Academy benefits U.S. and the fight against “the same bad guys” Illegally Trafficking Wildlife

DENVER - Naimah Aziz oversees inspections and investigations of live wildlife and wildlife products arriving in the busiest wildlife port in the United States. More than 35,000 shipments come through her jurisdiction, which covers John F. Kennedy International Airport, La Guardia International Airport and the United States Postal Service International Mail Facility.

In her second year as an assistant coach for the International Conservation Chiefs Academy, Aziz sees how the academy benefits participating African nations, state wildlife officials, and U.S. Fish & Wildlife Service officials such as herself.

Niamah Aziz

Niamah Aziz

“Africa is a big source nation and we are a big consumer nation of illegally trafficked wildlife,” she says. The relationships she’s developing with wildlife officials in 17 African nations as a result of the academy are invaluable.

 “To have a point of contact in these nations is very helpful,” says Aziz, supervisory wildlife inspector in the USFWS Office of Law Enforcement in Valley Stream, N.Y.

The FWS Office of Law Enforcement will  be able to reach out to contacts made at the academy on specific questions regarding their regulations and the wildlife species and products coming from their countries. That’s important given so many different regulations, so many protected species (roughly 5,800 animal and 30,000 plant species protected by CITES), and the escalation in illegal wildlife trafficking. The monetary value of such crime has risen an estimated 26 percent to $91-258 billion today compared to $70-213 billion in 2014, according to the United Nations Environment Programme (UNEP) and INTERPOL.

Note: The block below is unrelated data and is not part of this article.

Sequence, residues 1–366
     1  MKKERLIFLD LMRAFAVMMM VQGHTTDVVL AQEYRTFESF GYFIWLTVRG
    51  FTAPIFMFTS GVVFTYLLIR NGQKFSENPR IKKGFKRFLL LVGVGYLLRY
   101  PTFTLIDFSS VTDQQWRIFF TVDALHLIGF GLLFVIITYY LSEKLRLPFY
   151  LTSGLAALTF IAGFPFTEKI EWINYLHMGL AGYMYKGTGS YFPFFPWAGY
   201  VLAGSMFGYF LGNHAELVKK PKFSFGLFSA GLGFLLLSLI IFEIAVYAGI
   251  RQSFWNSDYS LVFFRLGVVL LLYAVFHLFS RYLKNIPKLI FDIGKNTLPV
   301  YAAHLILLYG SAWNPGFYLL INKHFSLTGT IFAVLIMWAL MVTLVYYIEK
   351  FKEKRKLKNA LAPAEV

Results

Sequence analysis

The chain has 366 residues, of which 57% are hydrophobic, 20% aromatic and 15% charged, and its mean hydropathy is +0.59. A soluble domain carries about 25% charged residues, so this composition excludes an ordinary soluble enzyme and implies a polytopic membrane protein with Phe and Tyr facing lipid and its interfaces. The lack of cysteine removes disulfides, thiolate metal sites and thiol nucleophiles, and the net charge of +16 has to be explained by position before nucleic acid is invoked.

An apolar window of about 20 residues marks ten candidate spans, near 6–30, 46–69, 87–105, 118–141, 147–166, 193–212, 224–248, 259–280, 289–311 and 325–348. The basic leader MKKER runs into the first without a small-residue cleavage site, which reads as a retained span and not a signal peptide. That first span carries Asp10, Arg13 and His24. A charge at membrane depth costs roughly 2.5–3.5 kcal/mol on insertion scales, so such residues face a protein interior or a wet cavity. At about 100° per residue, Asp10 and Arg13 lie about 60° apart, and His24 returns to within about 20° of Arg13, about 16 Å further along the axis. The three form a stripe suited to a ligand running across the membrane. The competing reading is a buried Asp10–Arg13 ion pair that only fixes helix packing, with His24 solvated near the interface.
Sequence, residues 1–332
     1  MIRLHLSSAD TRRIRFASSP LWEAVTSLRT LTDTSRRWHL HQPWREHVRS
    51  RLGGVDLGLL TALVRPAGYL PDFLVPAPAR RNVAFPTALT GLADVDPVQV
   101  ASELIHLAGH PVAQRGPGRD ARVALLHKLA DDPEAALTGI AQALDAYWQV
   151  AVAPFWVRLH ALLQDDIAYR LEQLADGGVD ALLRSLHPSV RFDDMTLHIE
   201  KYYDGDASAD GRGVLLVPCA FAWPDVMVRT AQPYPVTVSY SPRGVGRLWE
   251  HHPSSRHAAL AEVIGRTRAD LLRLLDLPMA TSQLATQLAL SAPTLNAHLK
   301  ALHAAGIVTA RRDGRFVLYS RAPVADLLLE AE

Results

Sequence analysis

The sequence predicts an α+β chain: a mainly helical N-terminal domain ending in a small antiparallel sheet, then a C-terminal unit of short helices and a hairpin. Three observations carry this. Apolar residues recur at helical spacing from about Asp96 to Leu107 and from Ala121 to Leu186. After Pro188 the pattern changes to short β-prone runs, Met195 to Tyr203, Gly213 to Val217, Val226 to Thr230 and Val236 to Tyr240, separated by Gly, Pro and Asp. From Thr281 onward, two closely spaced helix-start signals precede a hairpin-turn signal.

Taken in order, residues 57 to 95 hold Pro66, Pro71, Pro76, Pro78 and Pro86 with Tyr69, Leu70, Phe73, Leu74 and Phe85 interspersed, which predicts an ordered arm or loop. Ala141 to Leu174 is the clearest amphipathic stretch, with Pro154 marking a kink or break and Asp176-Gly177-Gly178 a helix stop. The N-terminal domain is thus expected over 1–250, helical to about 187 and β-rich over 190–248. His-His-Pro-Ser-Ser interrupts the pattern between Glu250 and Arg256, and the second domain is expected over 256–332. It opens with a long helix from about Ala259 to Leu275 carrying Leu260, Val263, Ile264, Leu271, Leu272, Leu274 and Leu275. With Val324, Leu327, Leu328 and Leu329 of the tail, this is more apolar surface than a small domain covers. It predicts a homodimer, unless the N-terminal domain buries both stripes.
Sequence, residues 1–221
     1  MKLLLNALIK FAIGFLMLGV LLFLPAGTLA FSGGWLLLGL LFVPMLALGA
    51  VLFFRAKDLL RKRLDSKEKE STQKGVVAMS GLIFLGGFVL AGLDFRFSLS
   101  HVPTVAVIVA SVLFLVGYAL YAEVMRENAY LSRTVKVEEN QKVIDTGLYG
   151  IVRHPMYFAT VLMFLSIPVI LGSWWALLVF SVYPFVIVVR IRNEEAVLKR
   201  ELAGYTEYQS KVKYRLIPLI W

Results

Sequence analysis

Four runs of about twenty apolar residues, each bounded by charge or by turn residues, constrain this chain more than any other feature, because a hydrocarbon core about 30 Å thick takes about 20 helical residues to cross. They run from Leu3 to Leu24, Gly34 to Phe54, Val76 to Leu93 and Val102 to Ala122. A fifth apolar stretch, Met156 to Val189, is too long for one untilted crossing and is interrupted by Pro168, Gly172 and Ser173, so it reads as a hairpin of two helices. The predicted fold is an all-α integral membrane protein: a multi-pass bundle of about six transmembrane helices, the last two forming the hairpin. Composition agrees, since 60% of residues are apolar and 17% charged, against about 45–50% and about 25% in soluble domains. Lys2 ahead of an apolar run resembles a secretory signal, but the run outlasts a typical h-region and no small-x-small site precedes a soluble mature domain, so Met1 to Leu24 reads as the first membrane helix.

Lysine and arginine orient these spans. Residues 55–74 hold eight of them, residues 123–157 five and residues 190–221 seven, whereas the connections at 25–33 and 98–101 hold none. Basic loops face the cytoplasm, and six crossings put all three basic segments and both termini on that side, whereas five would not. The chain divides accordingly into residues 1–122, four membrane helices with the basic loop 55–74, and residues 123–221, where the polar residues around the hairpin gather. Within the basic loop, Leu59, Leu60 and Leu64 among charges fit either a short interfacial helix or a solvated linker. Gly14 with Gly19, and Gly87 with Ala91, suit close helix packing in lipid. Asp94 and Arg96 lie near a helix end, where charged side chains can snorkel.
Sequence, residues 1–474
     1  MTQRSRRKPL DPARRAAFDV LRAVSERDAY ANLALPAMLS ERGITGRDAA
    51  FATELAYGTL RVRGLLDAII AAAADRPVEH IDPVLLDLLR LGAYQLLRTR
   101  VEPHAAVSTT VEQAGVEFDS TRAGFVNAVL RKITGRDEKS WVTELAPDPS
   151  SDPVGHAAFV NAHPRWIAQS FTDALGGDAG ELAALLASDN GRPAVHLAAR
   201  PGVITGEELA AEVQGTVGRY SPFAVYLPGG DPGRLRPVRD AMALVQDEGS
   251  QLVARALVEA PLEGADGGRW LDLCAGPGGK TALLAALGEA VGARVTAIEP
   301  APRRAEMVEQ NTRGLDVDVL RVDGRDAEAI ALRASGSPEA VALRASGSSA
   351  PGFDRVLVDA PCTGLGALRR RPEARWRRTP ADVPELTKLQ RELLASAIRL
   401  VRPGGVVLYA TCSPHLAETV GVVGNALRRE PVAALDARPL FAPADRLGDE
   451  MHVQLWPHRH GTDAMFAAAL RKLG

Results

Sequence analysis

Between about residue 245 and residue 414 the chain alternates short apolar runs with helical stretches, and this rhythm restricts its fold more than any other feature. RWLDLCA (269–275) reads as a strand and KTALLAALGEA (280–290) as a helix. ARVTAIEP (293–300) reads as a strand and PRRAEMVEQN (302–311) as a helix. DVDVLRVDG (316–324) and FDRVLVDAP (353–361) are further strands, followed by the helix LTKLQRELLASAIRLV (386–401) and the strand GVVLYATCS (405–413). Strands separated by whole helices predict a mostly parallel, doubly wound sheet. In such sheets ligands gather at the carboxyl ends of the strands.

Sam Friberg, a U.S. Fish & Wildlife wildlife law enforcement attaché stationed in Dar es Salaam, Tanzania, said the academy is benefitting future international efforts to combat wildlife trafficking.


“It was great to be here and interact with the countries, hear some stuff on what we need to work on that I hadn’t heard before and watch the countries talking,” Friberg told academy participants in Denver. “We are seeing the same bad guys running around. 24/7, call me anytime. I’m there to support you.”

Ed Newcomer, the USFWS wildlife law enforcement attaché stationed in Gaborone, Botswana, said fostering communications between the countries is proving to be one of his most important functions and the academy helps strengthen his ability to do that.   

“In Africa, everything is about relationships,” Newcomer says. “If you’re not trusted, you are not going to get very far.”

Sharing problems and possible solutions

For Jim Gale, special agent in charge of USFWS’s special operations division, the academy is a chance to share U.S. experience and resources in conservation law enforcement and to gain the same from visiting African officials.

“There are so many similar problems,” he says.  “It gives you a fresh look at how to approach some of them.”

USFWS seizes a lot of native species and live wildlife that smugglers are trying to take out of the United States, turtles and tortoises among the most popular. “The rarer the species the more interest they have,” Gale says.

USFWS has conducted training overseas for 25 years to aid in combatting international crime; in more recent years, executive orders by the Obama and Trump administrations have expanded USFWS efforts as well as those involving more and bigger U.S. departments and resources, he says.

The academy and USFWS’s new attaché program placing wildlife law enforcement agents in embassies in China, Africa, Peru, and Mexico are examples of the deeper U.S. commitment as international wildlife trafficking is exploding.

The academy brings all of the links in the chain together in one place. U.S. state wildlife officials gain a global perspective on wildlife trafficking.   African wildlife officials see how the U.S. does wildlife management at the state and federal level “and how we are successful, how we all work together,” she says. They also get to spend more time together, cementing relationships so they can work together better on solving this transnational problem.

“The conversations are very different this year,” Aziz says. “I’m hearing more empowering questions – instead of them talking about using the U.S. forensics lab, they are asking, ‘how can we get our own lab.’ They are using the course to solve their own problems.”